Syria: Reform planned at the right pace
Syrian officials and businessmen understand the need for economic restructuring to take advantage of regional and global opportunities. They are determined, though, to undertake it at their own pace and in ways that do not undermine social cohesion.
Hafez Al-Assad, Syria's president for 30 years, died more than a year ago but he is still held in reverence by Syrians. His picture is displayed in virtually every building and he is recognized as the man who restored political stability, pride and national identity to a republic that in the 1960s was in danger of losing all three.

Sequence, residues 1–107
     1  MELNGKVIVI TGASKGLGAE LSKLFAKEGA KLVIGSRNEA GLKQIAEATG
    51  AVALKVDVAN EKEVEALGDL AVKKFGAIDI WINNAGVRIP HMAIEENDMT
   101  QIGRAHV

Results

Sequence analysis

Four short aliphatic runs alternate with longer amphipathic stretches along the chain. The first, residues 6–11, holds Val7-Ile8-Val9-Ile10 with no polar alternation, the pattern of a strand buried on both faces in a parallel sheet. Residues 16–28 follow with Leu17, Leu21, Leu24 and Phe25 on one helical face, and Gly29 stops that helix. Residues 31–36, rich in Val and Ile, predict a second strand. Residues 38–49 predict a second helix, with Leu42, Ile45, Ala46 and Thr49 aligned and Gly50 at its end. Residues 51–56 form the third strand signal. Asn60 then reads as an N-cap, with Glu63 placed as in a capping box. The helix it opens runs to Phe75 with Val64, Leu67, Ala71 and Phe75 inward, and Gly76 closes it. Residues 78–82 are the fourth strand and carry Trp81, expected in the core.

When Assad seized power in November 1970 it was after 24 years of independence that had been punctuated by coups and other threats to internal stability. Between 1958 and 1961 Syria had even seemed prepared to relinquish national sovereignty, joining forces with Egypt to form the United Arab Republic but hastily withdrawing when it emerged that Cairo would dominate the federation. With 16 changes of regime between 1943 and 1970, Assad's preoccupation with restoration of internal stability rather than economic management or reform is understandable.